Ali al-Marri Update: Reversing the Bush Administration’s War on Terror Policy
In a reversal of the Bush Administration’s effort to detain people around the globe, last week, a federal appeals court in Virginia, which is a very conservative court ruled that the government cannot subject Ali Saleh Kahlah al-Marri to indefinite detention, though he was subject to indefinite detention by a 2003 presidential order.
A legal US resident–though not a citizen–al-Marri had studied computer science at Bradley University in Peoria, Illinois in 1991, and returned on 10 September 2001 to pursue post-graduate studies, bringing his family–his wife and five children–with him. Three months later he was arrested and charged with fraud and making false statements to the FBI, but in June 2003, a month before he was due to stand trial for these charges in a federal court in Peoria, the prosecution dropped the charges and informed the court that he was to be held as an “enemy combatant” instead.
As some listeners may recall, here on Law and Disorder we’ve discussed Ali al-Marri’s case and how he was held incommunicado, indefinitely in a military prison without charges. He’s been in solitary confinement for more than 2 years, no access to reading material, except the Quran. According to his lawyers, he was constantly harassed, abused and any medical treatment he received was very poor.
Now, because the U.S. Court of Appeals for the 4th Circuit ruled that U.S. residents cannot be locked up indefinitely as “enemy combatants” without being charged, al-Marri can challenge his detention. Al-Marri is the only “enemy combatant” still in detention without charge in the United States itself.
Guest – Jonathan Hafetz, Litigation Director of the Brennan Center’s Liberty and National Security Project and the lead counsel for Al-Marri. He is the author of numerous articles in scholarly and popular publications, including the Yale Law Journal, California Western Law Review, and Fordham Journal of International Law, Legal Affairs, and the New York Law Journal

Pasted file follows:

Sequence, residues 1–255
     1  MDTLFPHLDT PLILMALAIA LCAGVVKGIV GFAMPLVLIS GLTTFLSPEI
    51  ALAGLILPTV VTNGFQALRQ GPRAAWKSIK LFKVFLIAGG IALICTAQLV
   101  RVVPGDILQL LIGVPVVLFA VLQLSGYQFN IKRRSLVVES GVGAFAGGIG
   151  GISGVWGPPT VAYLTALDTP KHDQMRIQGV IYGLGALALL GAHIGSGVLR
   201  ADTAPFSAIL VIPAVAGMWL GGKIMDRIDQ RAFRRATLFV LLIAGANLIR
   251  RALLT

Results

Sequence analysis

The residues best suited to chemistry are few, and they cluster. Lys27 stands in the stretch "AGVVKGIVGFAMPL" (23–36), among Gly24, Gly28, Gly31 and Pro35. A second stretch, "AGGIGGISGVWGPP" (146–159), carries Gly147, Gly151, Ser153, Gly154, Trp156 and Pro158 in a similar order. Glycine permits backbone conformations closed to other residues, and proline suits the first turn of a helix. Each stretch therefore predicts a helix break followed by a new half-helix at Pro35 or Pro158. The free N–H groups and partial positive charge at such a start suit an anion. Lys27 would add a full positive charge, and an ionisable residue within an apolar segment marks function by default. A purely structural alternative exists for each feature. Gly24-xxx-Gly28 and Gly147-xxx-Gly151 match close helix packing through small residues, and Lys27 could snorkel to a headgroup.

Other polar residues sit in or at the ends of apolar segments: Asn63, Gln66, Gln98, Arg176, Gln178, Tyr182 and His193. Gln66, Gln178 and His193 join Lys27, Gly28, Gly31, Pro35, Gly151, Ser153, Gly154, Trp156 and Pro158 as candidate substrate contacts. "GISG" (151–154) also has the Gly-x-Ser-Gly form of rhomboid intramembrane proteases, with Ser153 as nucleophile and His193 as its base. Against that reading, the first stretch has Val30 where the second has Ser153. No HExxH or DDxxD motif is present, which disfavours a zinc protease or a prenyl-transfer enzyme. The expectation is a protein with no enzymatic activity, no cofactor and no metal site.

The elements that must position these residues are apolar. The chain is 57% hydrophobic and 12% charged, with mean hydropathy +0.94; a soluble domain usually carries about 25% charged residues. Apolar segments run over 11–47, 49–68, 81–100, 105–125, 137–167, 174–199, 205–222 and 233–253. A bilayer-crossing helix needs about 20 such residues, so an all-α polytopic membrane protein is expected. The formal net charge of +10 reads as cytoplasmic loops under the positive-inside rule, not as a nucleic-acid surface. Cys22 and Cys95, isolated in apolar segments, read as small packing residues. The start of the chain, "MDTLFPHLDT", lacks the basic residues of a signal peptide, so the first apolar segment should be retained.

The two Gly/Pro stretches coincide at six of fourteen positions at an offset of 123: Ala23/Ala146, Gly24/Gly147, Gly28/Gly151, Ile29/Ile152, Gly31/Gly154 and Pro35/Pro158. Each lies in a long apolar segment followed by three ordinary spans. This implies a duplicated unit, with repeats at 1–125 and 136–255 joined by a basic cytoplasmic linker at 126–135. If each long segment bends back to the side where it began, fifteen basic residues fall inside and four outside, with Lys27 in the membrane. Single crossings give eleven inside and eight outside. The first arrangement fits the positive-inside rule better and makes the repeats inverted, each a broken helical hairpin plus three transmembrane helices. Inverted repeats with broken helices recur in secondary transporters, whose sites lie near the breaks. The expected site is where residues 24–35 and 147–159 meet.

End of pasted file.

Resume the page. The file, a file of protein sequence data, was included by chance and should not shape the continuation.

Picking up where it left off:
Off the Record: U.S. Responsibility for Enforced Disappearances in the War on Terror
Children as young as seven years old detained in secret CIA prisons are some of the startling details unearthed by a recent report drafted by six human rights groups including Amnesty International, the Center for Constitutional Rights and the Center for Human Rights and Global Justice at the New York University School of Law.
The report, titled “Off the Record: U.S. Responsibility for Enforced Disappearances in the War on Terror,” details aspects of the CIA detention program that the US government has actively tried to conceal, such as the locations where prisoners may have been held, the mistreatment they endured, and the countries to which they may have been transferred. The report names 39 people believed to be disappeared from countries such as Egypt, Kenya, Libya, Morocco, Pakistan, and Spain.
Guest – Meg Satterthwaite, director of the Center for Human Rights and Global Justice at the (NYU) Law School. Satterthwaite has published reports and articles on human rights topics in scholarly and advocacy contexts. Her research interests include human rights in the “war on terror”; gender, sexuality and human rights; and the human rights of migrants. She is Co-Chair of the International Human Rights Interest Group of the American Society of International Law, a member of the Board of Directors of Amnesty International USA, and a member of the International Law Committee of the City Bar of New York.